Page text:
some contaminants. The presence of contaminants does not necessarily indicate that water poses a health
risk. More information about contaminants and potential health effects can be obtained by calling the EPA –
Safe Drinking Water hotline at 1-800-426-4791.
WHO NEEDS TO TAKE SPECIAL PRECAUTIONS?
Some people may be more vulnerable to contaminants in drinking water than the general population. Immunocompromised persons, such as persons with cancer undergoing chemotherapy, persons who have undergone
organ transplants, person with HIV/ AIDS or other immune system disorders, some elderly and infants can be
particularly at risk from infection. These people should seek advice about drinking water from their health
providers. EPA/CDC guidelines on appropriate means to lessen the risk of infection by Cryptosporidium and
other contaminants are available from the Safe Drinking Water Hotline (1-800-426-4791).
HOW DO I PARTICIPATE IN DECISIONS CONCERNING MY DRINKING WATER?
Public participation and comments are encouraged at regular Council Meetings; they occur the second
Monday of every month at 7:00 pm in the Municipal Building. For More information on your drinking water
contact The Frankfort Water Plant (740) 998-5261.
DEFININTIONS OF SOME TERMS CONTAINED WITHIN THIS REPORT:
 Maximum Contaminant Level Goal (MCLG): The level of a contaminant in drinking water below which
there is no known or expected risk to health. MCLG’s allow a margin of safety.
 Maximum Contaminant Level (MCL): The highest level of contaminant that is allowed in drinking water.
MCL’s are set as close to the MCLG’s as feasible using the best available treatment technology.
 Parts per Million (PPM) or Milligrams per Liter (mg/L) are units of measure for concentrations of a
contaminant. A part per million corresponds to one second in a little over 11.5 days.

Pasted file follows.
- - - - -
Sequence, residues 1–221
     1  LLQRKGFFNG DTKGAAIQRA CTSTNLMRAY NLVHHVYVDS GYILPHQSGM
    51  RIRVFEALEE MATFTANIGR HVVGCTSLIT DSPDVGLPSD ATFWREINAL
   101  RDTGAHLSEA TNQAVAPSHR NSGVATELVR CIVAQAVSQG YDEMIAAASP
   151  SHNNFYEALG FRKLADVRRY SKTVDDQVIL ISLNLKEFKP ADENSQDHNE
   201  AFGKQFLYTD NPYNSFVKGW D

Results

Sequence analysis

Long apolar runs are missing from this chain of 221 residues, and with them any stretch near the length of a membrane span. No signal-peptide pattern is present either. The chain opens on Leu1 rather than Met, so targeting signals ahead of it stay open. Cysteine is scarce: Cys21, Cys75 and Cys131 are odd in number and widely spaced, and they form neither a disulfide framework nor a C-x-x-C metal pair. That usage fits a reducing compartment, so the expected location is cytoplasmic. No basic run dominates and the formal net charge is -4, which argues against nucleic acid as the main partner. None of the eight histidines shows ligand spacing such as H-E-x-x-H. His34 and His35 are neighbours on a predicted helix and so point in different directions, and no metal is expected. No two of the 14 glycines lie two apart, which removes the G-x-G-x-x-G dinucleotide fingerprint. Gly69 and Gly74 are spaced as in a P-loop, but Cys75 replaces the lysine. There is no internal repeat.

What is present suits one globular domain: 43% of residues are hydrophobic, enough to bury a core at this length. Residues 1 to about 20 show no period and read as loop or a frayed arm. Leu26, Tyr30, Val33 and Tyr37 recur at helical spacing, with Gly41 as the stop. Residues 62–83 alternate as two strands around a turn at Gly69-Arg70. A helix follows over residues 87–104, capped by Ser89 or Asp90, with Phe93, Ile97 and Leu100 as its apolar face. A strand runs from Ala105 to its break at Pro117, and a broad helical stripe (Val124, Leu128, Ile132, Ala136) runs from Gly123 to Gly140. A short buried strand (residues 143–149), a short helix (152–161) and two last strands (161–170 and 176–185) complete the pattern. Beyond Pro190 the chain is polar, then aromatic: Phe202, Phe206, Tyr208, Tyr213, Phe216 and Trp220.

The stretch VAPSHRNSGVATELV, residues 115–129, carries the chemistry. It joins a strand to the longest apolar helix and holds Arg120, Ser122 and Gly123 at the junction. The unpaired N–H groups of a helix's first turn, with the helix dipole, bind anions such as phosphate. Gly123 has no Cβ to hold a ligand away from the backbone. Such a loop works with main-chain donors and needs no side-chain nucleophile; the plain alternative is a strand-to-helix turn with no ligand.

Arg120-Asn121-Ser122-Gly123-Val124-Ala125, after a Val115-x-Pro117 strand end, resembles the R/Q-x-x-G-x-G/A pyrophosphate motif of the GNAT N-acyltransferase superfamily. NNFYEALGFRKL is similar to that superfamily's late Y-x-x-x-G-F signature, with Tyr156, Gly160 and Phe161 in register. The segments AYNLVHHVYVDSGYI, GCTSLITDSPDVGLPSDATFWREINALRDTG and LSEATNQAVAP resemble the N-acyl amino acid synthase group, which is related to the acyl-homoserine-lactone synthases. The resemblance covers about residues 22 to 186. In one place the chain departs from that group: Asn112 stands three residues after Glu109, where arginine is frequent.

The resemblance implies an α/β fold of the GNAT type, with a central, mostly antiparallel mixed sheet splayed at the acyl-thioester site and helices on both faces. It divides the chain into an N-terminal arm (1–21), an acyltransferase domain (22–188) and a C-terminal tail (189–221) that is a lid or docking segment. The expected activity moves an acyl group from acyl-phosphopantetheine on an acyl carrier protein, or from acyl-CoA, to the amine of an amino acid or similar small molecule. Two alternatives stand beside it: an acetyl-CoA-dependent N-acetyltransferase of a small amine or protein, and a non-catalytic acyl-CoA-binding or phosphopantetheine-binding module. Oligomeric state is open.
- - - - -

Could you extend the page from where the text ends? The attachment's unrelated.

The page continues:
 Parts per Billion (PPB) or Micrograms per Liter (ug/L) are units of measure for concentration of a
contaminant. A part per billion corresponds to one second in 31.7 years.
 Action Level (AL); the concentration of a contaminant which, if exceeded triggers treatment or other
requirements which a water system must follow.
 Picocuries per liter (pCi/L): A common measure of radioactivity.
 Maximum Residual Disinfectant Level Goal (MRDLG): The level of residual disinfectant below which
there is no known or expected risk to health.
 Maximum Residual Disinfectant Level (MRDL): The highest residual disinfectant level allowed.
 The “<” symbol: A symbol which means less than. A result of <5 means that the lowest level that could
be detected was 5 and the contaminant in that sample was not detected.
 NA = not applicable
ABOUT YOUR DRINKING WATER:
The EPA requires regular sampling to ensure drinking water safety. The Village of Frankfort conducts sampling
for bacteria, nitrate, lead, copper, volatile organic chemicals, radiological and synthetic organic chemicals,
most of which were not detected in the Village of Frankfort’s water supply. The Ohio EPA requires us to
monitor for some contaminants less than once per year because the concentrations of these contaminants do
not change frequently. Some of our data, though accurate, are more than one year old.
MONITORING AND REPORTING VIOLATIONS AND ENFORCEMENT ACTIONS
During 2021 there were no monitoring or reporting violations, public notice violations, failure to issue public
education requirements, or violations of terms of an administrative order, bilateral compliance agreement,
findings and orders or a judicial order.
TABLE OF DETECTED CONTAMINANTS
Listed below is information on those contaminants that were found in the Village of Frankfort’s drinking
water.